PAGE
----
Don’t look now but the Houston Texans are quickly becoming one of the NFL’s more impressive organizations.
I know what you’re thinking: The Texans have one postseason win in over a decade of existence — don’t you think you’re getting ahead of yourself?
Nope. And here’s why.
GM Rick Smith and head coach Gary Kubiak have constructed one of the deepest and most talented rosters in the league. I wrote over the summer that owner Bob McNair made the right call by extending their contracts this offseason, not only because it set a precedent for rewarding success within the organization, but also because it established continuity and stability.
Much like the Packers, Patriots, Steelers and Ravens, the Texans have used the draft to build their core, free agency and trades to supplement their drafts and the vast majority of their salary cap to retain their cornerstone players.
That precedent continued with RB Arian Foster and OLT Duane Brown receiving new deals.
When the club announced immediately following its Week One thrashing of the Dolphins that QB Matt Schaub was the latest Texan to be locked up for the next four years, I admittedly was surprised at first. I heard all offseason that Brown and OLB Connor Barwin were priorities 1A and 1B, with the club taking a wait-and-see approach on Schaub, coming off a season-ending foot surgery.
That made sense. Given Schaub’s durability concerns, why not hold off on showing him the money until he showed the Texans he could stay healthy for 16 games and guide this team deep into the postseason, somewhere he has never been before?
Despite Schaub saying Sunday he was never going to be distracted by playing in the final year of his deal, it was an enormous amount of pressure. The Texans likely realized this. But more importantly, they realized that, with Wade Phillip’s “D” just scratching the surface of how good it could be last season, and the unit's cornerstone players with the exception of Barwin signed for the next several seasons — and with all of the offensive firepower also securely in the mix — they are in the driver’s seat of the transitioning AFC South for the foreseeable future.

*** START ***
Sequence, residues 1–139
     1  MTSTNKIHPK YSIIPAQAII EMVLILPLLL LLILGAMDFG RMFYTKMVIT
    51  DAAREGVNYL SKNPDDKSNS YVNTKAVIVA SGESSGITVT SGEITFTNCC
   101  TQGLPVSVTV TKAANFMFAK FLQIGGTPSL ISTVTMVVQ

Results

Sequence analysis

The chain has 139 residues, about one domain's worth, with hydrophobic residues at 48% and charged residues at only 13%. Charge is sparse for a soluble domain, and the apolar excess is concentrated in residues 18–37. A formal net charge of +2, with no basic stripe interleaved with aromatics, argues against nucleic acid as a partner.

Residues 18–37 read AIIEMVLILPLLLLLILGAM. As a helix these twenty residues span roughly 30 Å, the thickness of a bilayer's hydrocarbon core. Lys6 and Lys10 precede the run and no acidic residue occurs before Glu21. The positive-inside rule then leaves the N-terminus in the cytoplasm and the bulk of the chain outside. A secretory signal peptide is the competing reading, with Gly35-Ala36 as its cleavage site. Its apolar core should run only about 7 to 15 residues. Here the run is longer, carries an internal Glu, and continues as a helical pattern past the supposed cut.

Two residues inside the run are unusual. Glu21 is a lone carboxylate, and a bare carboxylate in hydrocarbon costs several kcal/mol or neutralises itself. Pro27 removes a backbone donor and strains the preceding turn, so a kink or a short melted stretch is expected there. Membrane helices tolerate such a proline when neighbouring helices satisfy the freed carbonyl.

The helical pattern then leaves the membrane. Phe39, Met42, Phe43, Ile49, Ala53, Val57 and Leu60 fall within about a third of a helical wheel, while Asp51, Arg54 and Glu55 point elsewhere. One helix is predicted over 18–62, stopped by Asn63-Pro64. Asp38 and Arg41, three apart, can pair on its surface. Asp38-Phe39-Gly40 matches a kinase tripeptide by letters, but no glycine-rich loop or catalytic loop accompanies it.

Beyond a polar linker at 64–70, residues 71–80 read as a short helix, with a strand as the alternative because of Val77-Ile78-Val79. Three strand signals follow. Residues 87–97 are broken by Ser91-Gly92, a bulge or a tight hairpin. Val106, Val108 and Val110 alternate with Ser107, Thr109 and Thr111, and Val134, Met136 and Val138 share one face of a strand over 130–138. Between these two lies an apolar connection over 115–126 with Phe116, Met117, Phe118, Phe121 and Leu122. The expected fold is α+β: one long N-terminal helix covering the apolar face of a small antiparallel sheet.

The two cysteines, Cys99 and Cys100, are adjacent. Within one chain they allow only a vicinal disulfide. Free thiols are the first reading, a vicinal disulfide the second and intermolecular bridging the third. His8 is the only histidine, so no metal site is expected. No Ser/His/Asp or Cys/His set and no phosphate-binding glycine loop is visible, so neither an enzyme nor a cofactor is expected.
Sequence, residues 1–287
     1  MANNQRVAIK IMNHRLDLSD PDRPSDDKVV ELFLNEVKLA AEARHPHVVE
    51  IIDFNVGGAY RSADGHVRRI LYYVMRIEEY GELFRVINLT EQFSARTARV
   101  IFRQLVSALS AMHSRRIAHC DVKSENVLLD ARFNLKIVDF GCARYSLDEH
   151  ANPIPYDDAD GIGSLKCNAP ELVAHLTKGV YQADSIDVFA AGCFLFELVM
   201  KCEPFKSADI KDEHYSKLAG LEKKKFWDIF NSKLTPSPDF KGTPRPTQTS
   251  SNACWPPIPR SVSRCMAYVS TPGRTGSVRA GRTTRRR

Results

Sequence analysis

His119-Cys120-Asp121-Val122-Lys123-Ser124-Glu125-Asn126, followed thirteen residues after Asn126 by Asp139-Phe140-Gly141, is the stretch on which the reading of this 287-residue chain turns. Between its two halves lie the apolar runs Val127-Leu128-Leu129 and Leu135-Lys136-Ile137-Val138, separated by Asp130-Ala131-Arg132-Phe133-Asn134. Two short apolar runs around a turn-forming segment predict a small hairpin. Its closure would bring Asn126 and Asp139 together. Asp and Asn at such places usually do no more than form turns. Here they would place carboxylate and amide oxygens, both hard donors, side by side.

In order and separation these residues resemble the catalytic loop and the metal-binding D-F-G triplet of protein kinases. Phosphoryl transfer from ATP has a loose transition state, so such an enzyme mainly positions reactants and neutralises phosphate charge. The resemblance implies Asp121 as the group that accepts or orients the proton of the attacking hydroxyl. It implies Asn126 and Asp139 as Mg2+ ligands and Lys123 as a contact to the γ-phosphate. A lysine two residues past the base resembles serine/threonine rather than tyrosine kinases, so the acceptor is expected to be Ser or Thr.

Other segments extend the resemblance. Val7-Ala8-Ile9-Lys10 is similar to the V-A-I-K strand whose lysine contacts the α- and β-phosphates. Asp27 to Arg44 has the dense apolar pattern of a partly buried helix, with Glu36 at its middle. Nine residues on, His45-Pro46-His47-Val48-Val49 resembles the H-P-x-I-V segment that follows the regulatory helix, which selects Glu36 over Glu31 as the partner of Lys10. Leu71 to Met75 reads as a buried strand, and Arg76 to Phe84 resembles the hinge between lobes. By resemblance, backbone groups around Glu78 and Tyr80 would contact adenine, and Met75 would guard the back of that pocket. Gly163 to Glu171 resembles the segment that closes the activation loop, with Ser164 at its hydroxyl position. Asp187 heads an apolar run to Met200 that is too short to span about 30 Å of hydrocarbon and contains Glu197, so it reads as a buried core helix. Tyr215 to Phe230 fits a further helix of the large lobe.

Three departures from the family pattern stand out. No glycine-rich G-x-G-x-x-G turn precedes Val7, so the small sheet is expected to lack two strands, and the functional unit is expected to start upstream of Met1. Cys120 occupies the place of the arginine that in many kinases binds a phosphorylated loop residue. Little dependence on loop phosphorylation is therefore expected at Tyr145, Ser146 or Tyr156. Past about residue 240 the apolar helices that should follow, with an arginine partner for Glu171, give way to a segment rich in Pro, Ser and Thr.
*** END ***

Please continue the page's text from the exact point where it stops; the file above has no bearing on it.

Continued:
It’s an unprecedented time in the NFL, what with nearly one-third of the NFL's teams (and three-quarters of the AFC South) handing the reins to rookie or second-year signalcallers. But how many of those teams are legitimate Super Bowl contenders? The Texans clearly are, and they wisely acknowledged that the grass wasn’t going to be greener after the season if they were forced to start anew with a rookie — or perhaps a free agent less attractive than Schaub — at the most important position on the field.
Phillips loves pass rushers, and Barwin is a good one. I think the Texans should try to find a way to afford his services as well after the season, but much like Brooks Reed made Mario Williams expendable, if rookie Whitney Mercilus becomes the player the Texans think he will, they have a better contingency plan for Barwin leaving than they would have if Schaub somehow got away. What's more, it is clearly easier to find pass rushers than franchise quarterbacks.
Sure, it would have been nice to see the Texans build themselves a bit more security over the next two years in the event of another Schaub injury. But it was a huge vote of confidence for the QB, who no longer has to wonder if the Texans are among the critics who point to his lack of postseason experience and fourth-quarter acumen as deterrents to him leading a team to the Super Bowl.
Instead, the Texans and Schaub can now focus squarely on the task at hand: continuing their ascent to AFC supremacy and a possible trip to New Orleans this February.